At the time IPS officer SM Mushrif stumbled upon the “stamp scam” in Pune, he did not immediately realise what he had found. Mushrif was the first to flag the case that developed into a multi-crore rupee scam spread across 18 states and 70 towns over the course of a full decade. The case, which was probed by multiple agencies, indicated a powerful nexus of officials and politicians with a consummate conman at its centre, Abdul Karim Telgi.
Telgi breathed his last at Bengaluru’s Victoria Hospital on Thursday. He had been lodged in Parappana Agrahara Central Jail in that city for the last 16 years. “I had interrogated Telgi on a couple of occasions. He did not disclose much. But he alleged that the police were trying to extort money from him by adding his wife’s name in the case, even though there was no evidence against her,” Mushrif told The Indian Express.
Telgi was born in the small panchayat town of Khanapur in Karnataka. His father worked with the Railways. After the death of his father, Telgi was forced to take up odd jobs, including selling eatables on trains. He eventually moved to Saudi Arabia. Upon returning, he allegedly tried his hand at making fake passports, and subsequently shifted to making fake stamp papers. Once the scam was detected, the investigation revealed he had also engineered a shortage of stamp papers in connivance with a few officials of the Indian Security Press at Nashik. At its peak, the illegal fake stamps business had spread throughout the country, selling fake stamp papers worth Rs 10 to Rs 100.
Telgi’s golden run continued through the nineties. While a case of fake stamp paper was registered in 1991 and another in 1995, investigations by the Mumbai Police were allegedly lax, and Telgi got away. However, with mounting public pressure, the Maharashtra government constituted a Special Investigation Team, (SIT), and Telgi’s run came to an end in 2001. A separate Karnataka Police SIT headed by IPS officer Sri Kumar and was called STAMPIT.
On January 9, 2003, Sri Kumar and Subodh Jaiswal, who headed the Maharashtra SIT, found policemen partying with Telgi in his Colaba house. R S Sharma, then Commissioner of Mumbai Police, verbally ordered the suspension of an Assistant Police Inspector, but there was no action. Jaiswal submitted his report in April 2003.
Meanwhile, responding to a petition from social activist Anna Hazare, Bombay High Court directed the Maharashtra government to appoint a senior officer to supervise the probe. S S Puri, a retired Additional Director General of Police was appointed for the job, and Jaiswal was asked to assist him. The SIT made the first major arrest that June: Anil Gote, a Samajwadi Janata Party legislator from Dhule. And on December 1, 2003, a day after his retirement, Commissioner Sharma was arrested for allegedly shielding Telgi.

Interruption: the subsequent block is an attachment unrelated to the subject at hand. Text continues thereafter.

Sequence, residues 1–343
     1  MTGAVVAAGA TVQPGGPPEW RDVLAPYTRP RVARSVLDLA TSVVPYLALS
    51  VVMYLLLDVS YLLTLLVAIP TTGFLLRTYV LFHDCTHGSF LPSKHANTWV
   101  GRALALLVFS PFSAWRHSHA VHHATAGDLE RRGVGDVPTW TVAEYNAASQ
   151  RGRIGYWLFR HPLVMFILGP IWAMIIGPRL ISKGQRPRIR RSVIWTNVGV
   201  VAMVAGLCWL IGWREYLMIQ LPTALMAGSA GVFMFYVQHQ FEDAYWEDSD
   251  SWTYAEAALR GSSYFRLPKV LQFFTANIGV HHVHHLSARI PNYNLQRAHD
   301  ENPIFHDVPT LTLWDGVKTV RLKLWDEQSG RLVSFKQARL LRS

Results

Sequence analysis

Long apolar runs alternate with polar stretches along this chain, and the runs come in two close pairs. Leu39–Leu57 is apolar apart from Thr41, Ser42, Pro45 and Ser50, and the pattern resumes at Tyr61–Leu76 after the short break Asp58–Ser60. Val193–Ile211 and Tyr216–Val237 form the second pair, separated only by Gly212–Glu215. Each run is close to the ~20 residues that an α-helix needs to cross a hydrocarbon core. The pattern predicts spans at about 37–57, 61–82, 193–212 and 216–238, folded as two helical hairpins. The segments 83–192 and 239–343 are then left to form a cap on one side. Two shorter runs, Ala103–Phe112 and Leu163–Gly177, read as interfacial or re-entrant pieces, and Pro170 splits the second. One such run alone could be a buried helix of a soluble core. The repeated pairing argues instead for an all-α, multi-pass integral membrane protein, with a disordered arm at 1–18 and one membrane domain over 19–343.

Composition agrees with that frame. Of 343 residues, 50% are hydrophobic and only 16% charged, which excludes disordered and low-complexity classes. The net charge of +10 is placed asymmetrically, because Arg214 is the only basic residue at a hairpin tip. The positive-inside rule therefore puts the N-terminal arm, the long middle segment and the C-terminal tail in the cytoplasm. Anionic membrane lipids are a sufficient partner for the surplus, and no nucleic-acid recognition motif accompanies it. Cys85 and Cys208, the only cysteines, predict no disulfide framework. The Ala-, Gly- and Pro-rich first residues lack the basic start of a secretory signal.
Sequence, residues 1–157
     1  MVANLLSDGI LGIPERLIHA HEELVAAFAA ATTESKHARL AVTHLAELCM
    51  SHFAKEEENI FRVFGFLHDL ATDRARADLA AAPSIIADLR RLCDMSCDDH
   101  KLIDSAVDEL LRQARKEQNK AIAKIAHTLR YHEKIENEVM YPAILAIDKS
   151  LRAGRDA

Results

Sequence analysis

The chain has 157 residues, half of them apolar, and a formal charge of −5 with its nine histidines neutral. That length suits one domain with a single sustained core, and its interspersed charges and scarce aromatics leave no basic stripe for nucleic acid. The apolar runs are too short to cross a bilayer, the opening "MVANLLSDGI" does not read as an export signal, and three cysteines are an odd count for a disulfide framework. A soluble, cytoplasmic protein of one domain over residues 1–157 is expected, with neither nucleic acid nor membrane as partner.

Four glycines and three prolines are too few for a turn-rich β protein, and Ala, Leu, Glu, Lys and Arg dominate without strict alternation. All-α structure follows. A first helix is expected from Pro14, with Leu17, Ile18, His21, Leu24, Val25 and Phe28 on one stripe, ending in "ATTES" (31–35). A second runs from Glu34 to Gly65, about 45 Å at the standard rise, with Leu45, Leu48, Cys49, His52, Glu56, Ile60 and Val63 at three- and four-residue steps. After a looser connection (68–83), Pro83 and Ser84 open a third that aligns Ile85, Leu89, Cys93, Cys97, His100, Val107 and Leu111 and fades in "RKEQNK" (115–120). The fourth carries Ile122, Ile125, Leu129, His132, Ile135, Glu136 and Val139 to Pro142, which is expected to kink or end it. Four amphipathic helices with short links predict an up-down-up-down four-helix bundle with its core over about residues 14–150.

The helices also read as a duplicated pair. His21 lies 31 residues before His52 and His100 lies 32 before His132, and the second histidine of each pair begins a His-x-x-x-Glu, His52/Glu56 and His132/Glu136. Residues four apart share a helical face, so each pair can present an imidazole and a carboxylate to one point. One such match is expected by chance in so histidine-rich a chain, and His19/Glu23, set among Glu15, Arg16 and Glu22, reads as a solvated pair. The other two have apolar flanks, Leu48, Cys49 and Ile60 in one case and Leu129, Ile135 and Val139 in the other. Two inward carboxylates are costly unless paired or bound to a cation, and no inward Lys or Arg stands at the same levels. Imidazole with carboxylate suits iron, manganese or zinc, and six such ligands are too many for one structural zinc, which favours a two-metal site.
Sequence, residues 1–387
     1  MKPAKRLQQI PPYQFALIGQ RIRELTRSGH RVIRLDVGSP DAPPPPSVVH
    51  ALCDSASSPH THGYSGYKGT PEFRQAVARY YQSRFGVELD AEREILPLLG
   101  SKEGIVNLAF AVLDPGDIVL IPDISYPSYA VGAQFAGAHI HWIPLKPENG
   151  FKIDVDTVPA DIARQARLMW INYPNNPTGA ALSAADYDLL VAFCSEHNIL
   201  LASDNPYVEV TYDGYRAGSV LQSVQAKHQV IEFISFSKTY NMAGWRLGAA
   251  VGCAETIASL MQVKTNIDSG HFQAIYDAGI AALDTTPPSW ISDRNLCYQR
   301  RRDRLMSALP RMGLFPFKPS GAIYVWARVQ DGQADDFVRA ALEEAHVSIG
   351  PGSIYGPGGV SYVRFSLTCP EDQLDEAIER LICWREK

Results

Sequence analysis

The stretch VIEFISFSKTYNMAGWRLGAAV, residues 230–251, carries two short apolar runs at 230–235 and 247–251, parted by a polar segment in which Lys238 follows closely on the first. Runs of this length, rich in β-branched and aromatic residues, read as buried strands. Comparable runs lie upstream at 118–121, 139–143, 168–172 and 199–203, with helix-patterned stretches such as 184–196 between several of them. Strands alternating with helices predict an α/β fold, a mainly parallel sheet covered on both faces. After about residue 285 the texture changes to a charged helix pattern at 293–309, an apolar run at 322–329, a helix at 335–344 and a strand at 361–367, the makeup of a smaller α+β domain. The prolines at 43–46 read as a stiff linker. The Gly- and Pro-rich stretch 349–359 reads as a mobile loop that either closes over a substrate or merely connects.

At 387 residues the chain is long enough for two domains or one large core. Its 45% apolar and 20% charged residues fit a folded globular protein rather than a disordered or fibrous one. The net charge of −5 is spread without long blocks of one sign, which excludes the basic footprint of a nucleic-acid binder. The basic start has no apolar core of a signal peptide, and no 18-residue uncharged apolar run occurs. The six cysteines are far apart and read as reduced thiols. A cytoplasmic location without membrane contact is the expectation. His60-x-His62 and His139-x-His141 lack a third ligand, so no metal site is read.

The SIT went on to arrest 54 persons, including two MLAs — Gote and Krishna Yadav, who was expelled from the TDP after the allegation surfaced. In 2004, the investigations were taken over by the Central Bureau of Investigation, which filed a voluminous chargesheet against Telgi in August of that year. “There was no pressure except for pressure to perform and collect evidence. While the case was subsequently handed over to the CBI, Telgi pleaded guilty to all the counts that we booked him for. He never challenged it,” S S Puri said. “Telgi was an intelligent man. The case only shows the failure of our system to reform him,” he added.
In 2007, Telgi was convicted in the scam and awarded 30 years of imprisonment and a fine of Rs 202 crore. But even from inside the jail, Telgi allegedly managed to carry on his business. This was revealed from the interrogation of his foot soldiers arrested in October 2002. “Police officers on Telgi’s payroll provided him with mobile phones which he used to carry out his business. By the time the jail authorities caught on, put the number on surveillance and wrote to the telecom operators, Telgi changed his SIM,” an official said.
While in police custody, much before his arrest in 2001, Telgi was allegedly afflicted with AIDS. On Thursday, Telgi died of multi-organ failure. While Telgi’s death brings closure to one of the most sensational cases of alleged fraud in the country, some would argue that he was actually just a pawn, albeit a very powerful one, and that politicians who benefitted from his crimes remain free.